It is technically possible that Republican voters could turn to a candidate other than Mitt Romney, Rick Santorum, Newt Gingrich or Ron Paul.  Highly unlikely, but technically possible.

› Under the rules, a [Republican] candidate must win 1,144 delegates during the primary season to win a majority and secure the nomination

› It is thought that a new candidate jumping in now would only be able to compete in eight of the remaining primaries – that gives them a possible 519 candidates up for grabs

› But a good showing in those primaries could not only establish that candidate’s credibility but also mean that none of the other candidates reach that 1,144 figure

› That would raise the prospect of what is known as a brokered convention, which essentially turns August’s Republican convention into one big debate to decide the nominee

via Al Jazeera English.

The Republicans’ dissatisfaction with their current crop of candidates isn’t new.  It is more common than not in each Presidential election for both Democrats and Republicans to ask:  Is this really the best we can do?  Since this happens so often, maybe the problem lies with the process rather than the individuals.  Can’t we come up with a process that is less exhausting, less demeaning and less expensive?

Click on Huntsman, Barbour Call for New Candidate for news of Republican dissatisfaction with the current selection of candidates.

Click on Republicans Want a Nominee Pre-Convention for a Gallup poll indicating that 55 percent of Republican voters are dissatisfied with their current selection, but they want the choice to be made in the primaries and not by a convention.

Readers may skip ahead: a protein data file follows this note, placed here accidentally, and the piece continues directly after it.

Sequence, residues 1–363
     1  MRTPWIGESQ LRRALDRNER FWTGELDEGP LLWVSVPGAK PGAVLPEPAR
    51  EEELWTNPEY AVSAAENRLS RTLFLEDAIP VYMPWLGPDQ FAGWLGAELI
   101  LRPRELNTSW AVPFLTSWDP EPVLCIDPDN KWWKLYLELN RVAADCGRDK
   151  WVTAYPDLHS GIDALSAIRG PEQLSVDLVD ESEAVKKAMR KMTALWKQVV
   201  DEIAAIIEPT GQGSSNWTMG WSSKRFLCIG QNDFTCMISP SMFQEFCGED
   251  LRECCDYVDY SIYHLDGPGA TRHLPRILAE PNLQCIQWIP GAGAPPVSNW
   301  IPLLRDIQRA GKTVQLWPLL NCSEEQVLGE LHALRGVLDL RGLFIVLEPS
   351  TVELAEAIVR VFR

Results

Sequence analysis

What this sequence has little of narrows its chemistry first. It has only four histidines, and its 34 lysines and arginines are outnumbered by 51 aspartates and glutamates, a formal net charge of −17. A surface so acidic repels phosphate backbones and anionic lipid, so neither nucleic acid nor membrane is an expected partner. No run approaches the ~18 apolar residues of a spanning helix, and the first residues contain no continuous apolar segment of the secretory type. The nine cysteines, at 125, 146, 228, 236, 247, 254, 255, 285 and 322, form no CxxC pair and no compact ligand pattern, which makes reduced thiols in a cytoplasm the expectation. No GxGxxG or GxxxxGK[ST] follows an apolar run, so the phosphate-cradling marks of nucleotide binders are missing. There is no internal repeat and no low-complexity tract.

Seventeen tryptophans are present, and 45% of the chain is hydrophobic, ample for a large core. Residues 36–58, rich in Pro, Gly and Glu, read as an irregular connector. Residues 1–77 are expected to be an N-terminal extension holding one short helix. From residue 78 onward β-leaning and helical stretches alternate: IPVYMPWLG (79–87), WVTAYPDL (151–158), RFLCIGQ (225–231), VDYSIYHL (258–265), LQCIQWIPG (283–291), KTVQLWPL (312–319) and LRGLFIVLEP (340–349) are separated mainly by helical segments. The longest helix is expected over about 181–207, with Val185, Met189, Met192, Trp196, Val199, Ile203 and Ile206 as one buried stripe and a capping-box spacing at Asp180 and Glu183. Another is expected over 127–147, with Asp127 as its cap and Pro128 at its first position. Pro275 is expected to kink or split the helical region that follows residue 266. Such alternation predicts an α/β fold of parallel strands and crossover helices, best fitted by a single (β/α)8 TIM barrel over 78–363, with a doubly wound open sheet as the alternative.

Click on Results of the 2012 Republican Party presidential primaries for Wikipedia’s running report on the Republican race.

Click on Republican presidential candidates 2012 for Wikipedia’s comprehensive roundup on all the Republican candidates.

Rick Santorum and the GOP dilemma

February 24, 2012

Any political party depends on two kinds of people—the people who contribute the money, and the people who do the work.   Within the Republican Party, the hardest workers are the religious conservatives, the so-called religious right.

Mitt Romney and Newt Gingrich know this, and they catered to the religious right, but the religious conservatives don’t trust them.  Rick Santorum, on the other hand, is obviously sincere.  No politician would take the stand he takes, for example, on contraception unless he really believed it.   The religious conservatives trust him, but in gaining their trust, he may have alienated the majority of Americans.

Many Americans oppose abortion and gay rights, and others are ambivalent.  But contraception is another matter.   The majority of Catholics as well as the majority of the population generally take the right to contraception for granted.   If Rick Santorum is the candidate and contraception is the central issue of the 2012 Presidential election, the Republicans will lose.

The Republican dilemma is the result of the flawed U.S. system for nominating Presidential candidates.  Among all the Republican Governors, Senators and other national figures, there surely are some that would both be more electable and be better Presidents than the current crop.  But many of them probably didn’t want to subject themselves to the ordeal of campaigning and fund-raising, and now it is too late to get into the race.